With sound as painful as 125 decibels, on a recent trek to the mountains of the Northern Amazon, ornithologists confirm that the male white bellbirds have the loudest birdsong ever recorded.
After careful measurement, the observation was published in the journal Current Biology, but it comes with some unanswered questions. Jeff Podos, a bird vocalisation researcher says that most animals reserve their loudest calls for long-distance communication, but the male white bellbird blasts the louder of its two songs within 13 feet of females.
Researches think that the anatomy of the bird, made up of unusually thick ribs and abdominal muscles has much to do with the bird’s loud calls.
Compared to the screaming piha, a relative to the bellbird that was previously considered one of the loudest known birds, the white bellbirds sing over 9 decibels louder. The song males sing most often can reach 116 decibels, while the version they sing to females can reach 125 decibels. Though it’s hard to compare vocalisations amongst species, Podos says, these calls are louder than those of howler monkeys, or a chain saw operating three feet away.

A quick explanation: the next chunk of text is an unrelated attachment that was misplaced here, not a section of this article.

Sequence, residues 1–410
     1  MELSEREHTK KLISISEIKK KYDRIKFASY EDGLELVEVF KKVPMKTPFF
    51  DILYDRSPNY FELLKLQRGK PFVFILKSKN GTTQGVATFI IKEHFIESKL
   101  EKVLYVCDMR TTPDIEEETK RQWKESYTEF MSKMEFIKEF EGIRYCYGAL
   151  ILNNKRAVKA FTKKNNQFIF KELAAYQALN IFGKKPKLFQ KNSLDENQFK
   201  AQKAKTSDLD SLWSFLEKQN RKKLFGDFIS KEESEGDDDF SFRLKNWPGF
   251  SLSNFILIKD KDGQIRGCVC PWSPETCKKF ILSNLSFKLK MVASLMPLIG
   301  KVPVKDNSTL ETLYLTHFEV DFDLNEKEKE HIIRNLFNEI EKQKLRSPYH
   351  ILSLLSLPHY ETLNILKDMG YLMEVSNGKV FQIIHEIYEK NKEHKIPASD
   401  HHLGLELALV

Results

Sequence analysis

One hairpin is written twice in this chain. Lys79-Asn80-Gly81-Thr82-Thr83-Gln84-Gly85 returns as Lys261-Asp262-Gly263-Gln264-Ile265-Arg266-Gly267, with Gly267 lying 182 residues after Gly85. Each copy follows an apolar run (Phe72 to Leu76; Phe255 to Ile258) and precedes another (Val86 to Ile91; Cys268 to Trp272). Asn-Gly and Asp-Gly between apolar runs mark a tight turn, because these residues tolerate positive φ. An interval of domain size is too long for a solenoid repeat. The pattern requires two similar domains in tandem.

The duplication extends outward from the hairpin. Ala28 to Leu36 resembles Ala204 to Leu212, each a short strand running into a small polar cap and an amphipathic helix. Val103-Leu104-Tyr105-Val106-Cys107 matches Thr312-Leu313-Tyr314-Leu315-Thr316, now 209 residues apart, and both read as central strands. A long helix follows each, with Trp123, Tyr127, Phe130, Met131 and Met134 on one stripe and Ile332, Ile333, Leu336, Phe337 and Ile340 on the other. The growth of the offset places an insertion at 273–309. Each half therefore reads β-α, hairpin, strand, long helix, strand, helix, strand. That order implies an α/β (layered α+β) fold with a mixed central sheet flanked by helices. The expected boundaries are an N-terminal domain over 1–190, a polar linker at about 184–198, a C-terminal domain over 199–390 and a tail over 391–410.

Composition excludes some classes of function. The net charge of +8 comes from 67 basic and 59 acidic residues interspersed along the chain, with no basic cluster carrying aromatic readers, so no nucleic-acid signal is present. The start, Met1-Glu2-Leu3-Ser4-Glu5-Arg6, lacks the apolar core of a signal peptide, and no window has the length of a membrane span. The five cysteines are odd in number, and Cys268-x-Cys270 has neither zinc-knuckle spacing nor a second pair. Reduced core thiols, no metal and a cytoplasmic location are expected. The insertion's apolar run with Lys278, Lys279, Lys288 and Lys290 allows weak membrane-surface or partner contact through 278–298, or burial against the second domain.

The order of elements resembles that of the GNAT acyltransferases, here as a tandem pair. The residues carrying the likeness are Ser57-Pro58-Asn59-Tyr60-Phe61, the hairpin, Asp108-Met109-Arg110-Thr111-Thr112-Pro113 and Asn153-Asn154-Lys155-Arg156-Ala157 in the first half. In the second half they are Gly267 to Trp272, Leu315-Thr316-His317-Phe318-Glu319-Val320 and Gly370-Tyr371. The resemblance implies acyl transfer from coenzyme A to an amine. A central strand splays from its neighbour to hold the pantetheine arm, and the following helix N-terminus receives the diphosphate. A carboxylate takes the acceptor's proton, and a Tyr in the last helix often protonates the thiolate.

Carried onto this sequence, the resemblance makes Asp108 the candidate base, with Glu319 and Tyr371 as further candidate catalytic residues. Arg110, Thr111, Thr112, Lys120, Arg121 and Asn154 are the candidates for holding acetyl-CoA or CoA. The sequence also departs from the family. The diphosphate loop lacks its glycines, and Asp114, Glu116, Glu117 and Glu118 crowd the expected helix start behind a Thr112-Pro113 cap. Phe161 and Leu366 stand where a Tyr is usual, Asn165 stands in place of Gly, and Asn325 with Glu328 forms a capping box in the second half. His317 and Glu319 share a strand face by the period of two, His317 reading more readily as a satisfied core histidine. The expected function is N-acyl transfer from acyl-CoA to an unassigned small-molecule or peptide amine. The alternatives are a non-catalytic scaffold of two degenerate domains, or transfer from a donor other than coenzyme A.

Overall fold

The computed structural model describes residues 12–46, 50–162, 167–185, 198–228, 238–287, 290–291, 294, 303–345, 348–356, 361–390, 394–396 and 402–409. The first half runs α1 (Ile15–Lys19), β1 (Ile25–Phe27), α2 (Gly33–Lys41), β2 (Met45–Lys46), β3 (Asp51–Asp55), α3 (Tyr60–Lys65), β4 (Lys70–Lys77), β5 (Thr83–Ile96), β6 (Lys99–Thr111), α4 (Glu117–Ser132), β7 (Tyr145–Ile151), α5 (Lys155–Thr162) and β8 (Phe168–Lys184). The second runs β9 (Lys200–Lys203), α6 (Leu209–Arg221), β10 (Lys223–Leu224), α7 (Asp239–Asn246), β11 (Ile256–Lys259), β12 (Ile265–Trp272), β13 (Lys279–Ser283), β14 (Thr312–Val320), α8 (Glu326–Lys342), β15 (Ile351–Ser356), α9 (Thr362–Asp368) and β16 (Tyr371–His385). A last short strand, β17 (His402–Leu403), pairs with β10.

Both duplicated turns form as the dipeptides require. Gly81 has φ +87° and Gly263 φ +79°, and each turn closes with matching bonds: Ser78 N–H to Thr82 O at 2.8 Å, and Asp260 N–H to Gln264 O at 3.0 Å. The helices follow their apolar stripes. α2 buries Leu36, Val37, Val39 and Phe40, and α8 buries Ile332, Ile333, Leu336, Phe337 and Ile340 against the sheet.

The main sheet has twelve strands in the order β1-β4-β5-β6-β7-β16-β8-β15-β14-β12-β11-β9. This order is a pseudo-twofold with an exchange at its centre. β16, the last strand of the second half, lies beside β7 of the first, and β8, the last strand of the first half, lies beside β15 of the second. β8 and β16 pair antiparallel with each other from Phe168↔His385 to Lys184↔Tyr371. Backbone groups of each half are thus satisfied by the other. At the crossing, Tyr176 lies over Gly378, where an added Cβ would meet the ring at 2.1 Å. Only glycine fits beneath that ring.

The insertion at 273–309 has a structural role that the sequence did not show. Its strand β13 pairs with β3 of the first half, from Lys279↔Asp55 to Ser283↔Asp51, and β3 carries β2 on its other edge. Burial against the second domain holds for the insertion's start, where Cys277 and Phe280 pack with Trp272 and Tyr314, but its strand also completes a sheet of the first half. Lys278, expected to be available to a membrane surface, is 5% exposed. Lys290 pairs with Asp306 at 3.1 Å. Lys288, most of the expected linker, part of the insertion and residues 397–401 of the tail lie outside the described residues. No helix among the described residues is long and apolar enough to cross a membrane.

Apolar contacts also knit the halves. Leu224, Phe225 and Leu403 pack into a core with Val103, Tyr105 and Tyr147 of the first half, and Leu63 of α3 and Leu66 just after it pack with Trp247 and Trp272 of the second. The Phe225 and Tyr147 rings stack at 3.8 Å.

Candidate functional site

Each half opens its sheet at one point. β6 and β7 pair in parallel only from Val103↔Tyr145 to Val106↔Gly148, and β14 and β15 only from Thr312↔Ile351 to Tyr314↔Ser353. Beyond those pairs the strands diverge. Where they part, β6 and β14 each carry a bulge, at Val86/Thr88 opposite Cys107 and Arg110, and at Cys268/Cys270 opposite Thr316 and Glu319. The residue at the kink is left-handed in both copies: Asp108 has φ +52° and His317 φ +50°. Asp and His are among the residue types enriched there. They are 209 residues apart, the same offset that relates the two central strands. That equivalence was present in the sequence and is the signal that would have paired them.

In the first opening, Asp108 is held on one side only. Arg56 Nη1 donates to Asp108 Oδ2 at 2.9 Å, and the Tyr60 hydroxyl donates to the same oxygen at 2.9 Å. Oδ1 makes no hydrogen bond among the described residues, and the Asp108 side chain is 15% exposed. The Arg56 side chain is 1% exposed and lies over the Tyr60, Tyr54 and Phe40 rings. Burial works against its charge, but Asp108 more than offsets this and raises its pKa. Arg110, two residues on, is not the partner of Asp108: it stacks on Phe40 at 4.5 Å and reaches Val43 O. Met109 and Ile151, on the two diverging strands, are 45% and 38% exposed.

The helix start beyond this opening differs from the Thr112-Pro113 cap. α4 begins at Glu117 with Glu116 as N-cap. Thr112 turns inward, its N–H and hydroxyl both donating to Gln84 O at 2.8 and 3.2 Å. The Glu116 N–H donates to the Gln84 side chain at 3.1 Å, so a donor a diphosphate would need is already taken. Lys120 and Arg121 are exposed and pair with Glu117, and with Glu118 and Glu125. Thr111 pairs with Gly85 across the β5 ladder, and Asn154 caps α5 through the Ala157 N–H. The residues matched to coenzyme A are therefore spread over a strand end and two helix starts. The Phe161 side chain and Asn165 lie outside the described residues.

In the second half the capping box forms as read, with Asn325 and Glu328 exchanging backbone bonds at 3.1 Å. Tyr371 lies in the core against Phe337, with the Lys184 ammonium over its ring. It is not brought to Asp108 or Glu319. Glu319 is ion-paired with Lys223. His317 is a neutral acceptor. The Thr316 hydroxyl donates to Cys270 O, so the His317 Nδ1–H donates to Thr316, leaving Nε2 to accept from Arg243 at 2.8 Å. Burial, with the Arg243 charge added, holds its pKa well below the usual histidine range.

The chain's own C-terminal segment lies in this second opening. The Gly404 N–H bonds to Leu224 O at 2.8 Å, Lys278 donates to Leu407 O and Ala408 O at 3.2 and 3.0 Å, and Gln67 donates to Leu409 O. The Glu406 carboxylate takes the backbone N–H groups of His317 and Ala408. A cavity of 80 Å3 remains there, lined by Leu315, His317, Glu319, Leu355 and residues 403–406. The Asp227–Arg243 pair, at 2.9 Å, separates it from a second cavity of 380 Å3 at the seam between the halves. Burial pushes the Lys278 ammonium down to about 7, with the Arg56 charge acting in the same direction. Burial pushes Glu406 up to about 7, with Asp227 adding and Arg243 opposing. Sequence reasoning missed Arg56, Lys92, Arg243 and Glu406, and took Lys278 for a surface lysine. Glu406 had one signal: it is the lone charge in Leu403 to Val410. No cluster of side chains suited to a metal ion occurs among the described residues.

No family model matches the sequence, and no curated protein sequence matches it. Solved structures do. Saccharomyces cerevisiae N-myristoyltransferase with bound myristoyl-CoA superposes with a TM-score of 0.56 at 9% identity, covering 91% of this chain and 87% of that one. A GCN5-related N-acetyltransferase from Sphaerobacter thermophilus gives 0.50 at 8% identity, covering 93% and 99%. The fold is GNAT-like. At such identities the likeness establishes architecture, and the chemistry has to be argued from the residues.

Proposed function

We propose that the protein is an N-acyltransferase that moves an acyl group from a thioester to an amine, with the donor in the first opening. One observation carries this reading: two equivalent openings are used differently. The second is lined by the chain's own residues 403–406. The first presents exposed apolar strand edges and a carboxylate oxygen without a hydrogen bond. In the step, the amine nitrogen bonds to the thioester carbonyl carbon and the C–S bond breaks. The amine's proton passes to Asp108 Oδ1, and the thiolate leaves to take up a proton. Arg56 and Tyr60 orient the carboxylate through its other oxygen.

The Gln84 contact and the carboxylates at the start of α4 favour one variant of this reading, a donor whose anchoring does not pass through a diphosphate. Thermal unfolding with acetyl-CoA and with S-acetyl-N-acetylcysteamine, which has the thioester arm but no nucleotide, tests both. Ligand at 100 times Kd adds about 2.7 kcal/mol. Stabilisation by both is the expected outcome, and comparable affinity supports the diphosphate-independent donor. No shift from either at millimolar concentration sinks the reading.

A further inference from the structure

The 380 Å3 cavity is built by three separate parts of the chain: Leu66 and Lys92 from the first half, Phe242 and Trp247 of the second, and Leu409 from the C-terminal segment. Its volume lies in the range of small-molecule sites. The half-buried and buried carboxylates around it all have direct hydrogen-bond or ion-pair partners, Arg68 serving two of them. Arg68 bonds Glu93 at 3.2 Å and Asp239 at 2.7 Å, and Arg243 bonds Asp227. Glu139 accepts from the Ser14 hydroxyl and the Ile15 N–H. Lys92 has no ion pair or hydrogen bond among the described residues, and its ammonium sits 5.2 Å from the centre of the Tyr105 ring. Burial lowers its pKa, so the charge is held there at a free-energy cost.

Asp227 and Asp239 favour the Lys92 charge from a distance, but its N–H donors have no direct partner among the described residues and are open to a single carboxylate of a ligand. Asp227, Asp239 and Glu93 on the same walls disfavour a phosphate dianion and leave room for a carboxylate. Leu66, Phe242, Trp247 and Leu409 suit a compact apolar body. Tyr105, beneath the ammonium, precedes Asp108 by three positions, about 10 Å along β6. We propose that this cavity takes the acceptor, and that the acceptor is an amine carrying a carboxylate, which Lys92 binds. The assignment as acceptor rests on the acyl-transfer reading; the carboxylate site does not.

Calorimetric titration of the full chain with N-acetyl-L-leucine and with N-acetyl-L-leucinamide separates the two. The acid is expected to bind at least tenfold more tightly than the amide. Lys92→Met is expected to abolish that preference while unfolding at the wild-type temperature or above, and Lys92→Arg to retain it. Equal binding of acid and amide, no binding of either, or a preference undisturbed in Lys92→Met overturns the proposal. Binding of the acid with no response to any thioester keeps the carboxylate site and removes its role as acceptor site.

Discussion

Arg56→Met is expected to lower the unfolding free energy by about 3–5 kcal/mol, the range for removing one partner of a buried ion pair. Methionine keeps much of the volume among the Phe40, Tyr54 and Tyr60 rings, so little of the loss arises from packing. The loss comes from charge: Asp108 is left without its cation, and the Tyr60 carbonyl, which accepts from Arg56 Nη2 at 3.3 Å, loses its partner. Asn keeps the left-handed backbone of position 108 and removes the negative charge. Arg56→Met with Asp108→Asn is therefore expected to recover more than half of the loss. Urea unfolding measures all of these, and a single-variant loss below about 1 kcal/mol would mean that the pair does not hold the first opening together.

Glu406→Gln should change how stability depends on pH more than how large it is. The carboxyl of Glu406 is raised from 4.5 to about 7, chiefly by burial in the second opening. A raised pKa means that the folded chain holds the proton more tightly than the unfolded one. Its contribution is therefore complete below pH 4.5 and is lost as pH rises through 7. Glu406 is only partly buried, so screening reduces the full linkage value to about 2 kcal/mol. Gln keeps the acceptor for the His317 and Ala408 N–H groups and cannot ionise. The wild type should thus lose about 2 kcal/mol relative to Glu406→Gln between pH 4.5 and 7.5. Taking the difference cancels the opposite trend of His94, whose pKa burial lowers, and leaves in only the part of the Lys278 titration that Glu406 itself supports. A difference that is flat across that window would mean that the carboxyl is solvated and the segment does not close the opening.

The researchers think this volume might damage the female’s hearing, but maybe it’s a sacrifice she is willing to make for the sake of a good mate.